Over the last few years Apple has released many instances of privacy preserving protocols across its platforms. With this latest update in iOS 14, it’s a good time to assess what’s been happening, and how it impacts our advertising campaigns. We’ve included some recommendations in the summary, and we’ll follow up this piece with more guidance on solutions, as the landscape evolves and we learn more about the impact of these changes.
Apple introduced its ATT (AppTrackingTransparency) framework for iOS 14, which includes a new prompt being seen by users on iOS devices when they download an app. Here’s what the prompt looks like:
This is already being seen by some users, and the industry expects this to be fully rolled out to all users by March 2021.
What changes with iOS 14?
If a user accepts, not much changes. The IDFA, which stands for Identifier for Advertisers and is essentially a unique ID for each iOS device, will continue to be shared as it previously was. But the industry expects the majority of people to decline this prompt, meaning the IDFA will no longer be available for advertising purposes.
It’s useful to think about this in two ways, firstly, how this impacts App Advertisers (advertisers driving users to their app), and secondly, how this impacts Web Advertisers (advertisers driving users to their website).
For App Advertisers, Apple will use what it calls SKAdNetwork to enable the attribution of events or conversions back to an advertising click. There are a few protocols in place, such as a limit to conversion events (64), the number of campaigns that can be used for an iOS app (100), and a random timer to further obfuscate the connection between the event and an individual user. These protocols allow advertisers to see that a campaign is driving conversions, but not that a specific user made that conversion. We can expect the MMPs (mobile measurement partners), which most app advertisers will be using, to be building this into their product.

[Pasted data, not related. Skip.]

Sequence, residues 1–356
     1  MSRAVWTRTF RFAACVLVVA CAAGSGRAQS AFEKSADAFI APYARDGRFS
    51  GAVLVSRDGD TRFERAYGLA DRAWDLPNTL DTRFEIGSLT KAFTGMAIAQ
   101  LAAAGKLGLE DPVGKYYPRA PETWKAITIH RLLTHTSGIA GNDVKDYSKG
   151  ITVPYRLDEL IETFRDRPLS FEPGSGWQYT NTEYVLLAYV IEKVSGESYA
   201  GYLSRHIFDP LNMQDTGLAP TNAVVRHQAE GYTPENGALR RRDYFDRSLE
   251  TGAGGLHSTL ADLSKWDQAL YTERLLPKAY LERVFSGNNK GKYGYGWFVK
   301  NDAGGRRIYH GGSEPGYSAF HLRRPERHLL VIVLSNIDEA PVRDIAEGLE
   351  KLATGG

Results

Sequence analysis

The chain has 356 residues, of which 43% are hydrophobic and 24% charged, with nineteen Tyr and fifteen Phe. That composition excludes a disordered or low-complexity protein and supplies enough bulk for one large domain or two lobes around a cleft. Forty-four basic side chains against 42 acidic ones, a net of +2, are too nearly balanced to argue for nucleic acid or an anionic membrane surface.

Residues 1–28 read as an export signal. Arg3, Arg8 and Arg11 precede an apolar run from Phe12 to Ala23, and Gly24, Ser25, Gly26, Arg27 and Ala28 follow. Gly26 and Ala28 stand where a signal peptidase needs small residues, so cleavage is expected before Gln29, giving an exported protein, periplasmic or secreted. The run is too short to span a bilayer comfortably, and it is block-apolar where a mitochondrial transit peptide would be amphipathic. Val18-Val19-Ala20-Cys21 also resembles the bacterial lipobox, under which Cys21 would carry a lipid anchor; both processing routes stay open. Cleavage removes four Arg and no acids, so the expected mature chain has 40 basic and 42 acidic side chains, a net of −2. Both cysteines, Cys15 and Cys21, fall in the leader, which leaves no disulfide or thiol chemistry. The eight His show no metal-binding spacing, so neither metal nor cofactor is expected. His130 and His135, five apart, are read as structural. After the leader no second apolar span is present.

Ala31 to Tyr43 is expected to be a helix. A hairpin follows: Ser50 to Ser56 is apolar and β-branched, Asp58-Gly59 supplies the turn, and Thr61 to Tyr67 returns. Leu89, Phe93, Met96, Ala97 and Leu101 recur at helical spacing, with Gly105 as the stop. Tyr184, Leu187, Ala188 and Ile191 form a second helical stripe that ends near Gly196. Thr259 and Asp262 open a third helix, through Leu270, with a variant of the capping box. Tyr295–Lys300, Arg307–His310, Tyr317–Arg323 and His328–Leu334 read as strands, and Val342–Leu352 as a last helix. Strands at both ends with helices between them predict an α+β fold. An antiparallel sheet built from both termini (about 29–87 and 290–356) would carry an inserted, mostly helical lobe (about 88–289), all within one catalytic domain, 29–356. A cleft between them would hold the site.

Here’s a diagram showing how this works:
For Web Advertisers, we have two scenarios:
Scenario one: Someone clicking on an ad in the mobile app, such as Facebook, Pinterest or Twitter
For scenario one, when a user clicks on an ad in, let’s say Facebook, and they’re redirected to an advertiser’s website, Facebook will register the click. A new requirement in the Facebook platform due to iOS 14 is to select up to 8 events per domain, and in priority order, so that if the user performs an on-site action which is listed as one of the 8 chosen events, this event will be registered by Facebook. Only one event will be tracked, the highest priority event. However, while the ad click in Facebook is registered in real-time, the conversion may experience a delay of up to 3 days. This is where advertisers might see a message in the Facebook Ad Platform stating that the results are either delayed or being modelled.
For social platforms like Facebook and Twitter, the vast majority of engagement happens via the app, so the above is likely to be the case more often than not. The result is fewer trackable events, delays in reporting, and other backend implications these platforms will experience, such as impacted algorithms due to reduced data visibility.
Scenario two: Someone clicking on an ad in a browser environment, such as Google Search or a Display Banner
For scenario two, the main difference worth calling out is what happens on Safari, as the browser has slightly different protocols in place. We’re focussing on Safari as it has 90%+ usage on iOS devices.